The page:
You won't hear jack with a dipole on either band.
That is pretty true for 2m, but not for 6m. I have gotten VUCC on 6m with an indoor dipole and worked Puerto Rico and Costa Rica with a mag mount mobile whip on 6m. During a good Es opening on 6 you can work a lot with a dipole. It isn't going to outperform a yagi, but it can still be a lot of fun!
I've been active on VHF weak signal modes for about 45 years and surely agree that when the 6m band is "open," a lot can be done with very little.
However, for the other 95% of the time when the band is not open, small antennas -- especially vertical ones -- typically yield a lot of "nothing heard here."
An interesting and somewhat eye-opening test which I've demonstrated hundreds of times is this one I run at home:
6m loop at 30 feet; Cushcraft Ringo vertical antenna at 30 feet; 7 element horizontally polarized beam on telescoping tower whose height I can change from about 28 feet to 65 feet by telescoping or nesting the tower. All low-loss feedlines brought to a 4-position antenna switch, so antenna changes can be made in less than a second.
Tune around with the beam at 65 feet, and with various beam headings, I can hear six 6m beacons 24 hours a day, regardless of propagation. (When the band's open, of course, there are many more in various directions depending on conditions at the moment.) But those six vary in distance from about 60 miles to about 300 miles, and they're always readable.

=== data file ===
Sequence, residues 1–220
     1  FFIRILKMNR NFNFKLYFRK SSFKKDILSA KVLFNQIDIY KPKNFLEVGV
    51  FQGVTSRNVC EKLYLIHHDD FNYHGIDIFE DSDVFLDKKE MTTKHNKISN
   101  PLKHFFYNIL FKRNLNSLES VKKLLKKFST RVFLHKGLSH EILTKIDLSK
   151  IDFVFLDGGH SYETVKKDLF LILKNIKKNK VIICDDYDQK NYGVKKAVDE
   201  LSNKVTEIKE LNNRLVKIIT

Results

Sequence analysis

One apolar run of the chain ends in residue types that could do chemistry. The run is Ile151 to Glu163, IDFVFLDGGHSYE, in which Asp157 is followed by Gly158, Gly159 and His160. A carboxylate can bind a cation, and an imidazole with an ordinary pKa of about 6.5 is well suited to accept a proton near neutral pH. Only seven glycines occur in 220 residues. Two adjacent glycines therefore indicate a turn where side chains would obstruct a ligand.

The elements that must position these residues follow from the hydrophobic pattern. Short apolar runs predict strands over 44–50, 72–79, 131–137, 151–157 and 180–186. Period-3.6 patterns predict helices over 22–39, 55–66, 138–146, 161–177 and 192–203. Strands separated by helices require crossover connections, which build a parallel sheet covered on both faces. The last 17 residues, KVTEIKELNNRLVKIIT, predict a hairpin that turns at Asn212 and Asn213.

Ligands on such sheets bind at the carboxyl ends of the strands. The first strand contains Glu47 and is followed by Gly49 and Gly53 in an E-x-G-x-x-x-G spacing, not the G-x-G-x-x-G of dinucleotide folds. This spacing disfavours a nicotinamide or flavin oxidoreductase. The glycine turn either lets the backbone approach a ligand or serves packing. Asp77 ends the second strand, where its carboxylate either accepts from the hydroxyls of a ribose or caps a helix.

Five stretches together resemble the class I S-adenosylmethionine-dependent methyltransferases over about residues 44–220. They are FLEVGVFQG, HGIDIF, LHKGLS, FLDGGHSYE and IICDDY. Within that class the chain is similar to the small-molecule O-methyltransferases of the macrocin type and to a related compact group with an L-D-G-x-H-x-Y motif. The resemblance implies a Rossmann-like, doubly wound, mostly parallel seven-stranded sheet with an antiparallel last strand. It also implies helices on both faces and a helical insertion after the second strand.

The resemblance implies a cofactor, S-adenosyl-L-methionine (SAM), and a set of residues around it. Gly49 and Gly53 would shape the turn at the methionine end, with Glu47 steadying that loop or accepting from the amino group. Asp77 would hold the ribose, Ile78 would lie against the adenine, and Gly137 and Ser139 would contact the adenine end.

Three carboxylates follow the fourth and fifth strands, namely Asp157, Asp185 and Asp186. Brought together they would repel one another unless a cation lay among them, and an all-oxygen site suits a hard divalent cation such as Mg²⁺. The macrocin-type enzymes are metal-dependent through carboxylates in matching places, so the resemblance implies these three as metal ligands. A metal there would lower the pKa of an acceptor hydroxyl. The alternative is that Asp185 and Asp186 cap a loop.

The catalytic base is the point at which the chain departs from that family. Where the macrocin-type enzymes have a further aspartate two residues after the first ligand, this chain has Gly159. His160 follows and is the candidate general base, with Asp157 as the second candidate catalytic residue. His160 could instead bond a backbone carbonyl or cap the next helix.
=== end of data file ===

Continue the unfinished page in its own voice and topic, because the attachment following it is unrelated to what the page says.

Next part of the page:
Now, switch to the loop: Two beacons can be heard, weakly, not nearly as well as with the beam.
Now, switch to the vertical: One beacon can be heard, very weakly.
Works this way every single day.
The antennas all "work," but the beam's advantage is so obvious that many are astounded.
So, on an average day with no special conditions (no sporadic-E, no any kind of ionospheric propagation), just tropo, I can "work" stations in about a 300 mile radius (about 283,000 square mile area). On the same average day, I can "work" stations in about a 60 mile radius using the loop (about 11,000 square mile area). The difference in the number of stations that might be workable is a ratio of 283/11, or nearly 26 to one, in favor of the beam.
That's why if 6m is "pretty quiet" using the beam, it can sound "abolustely dead" with a loop.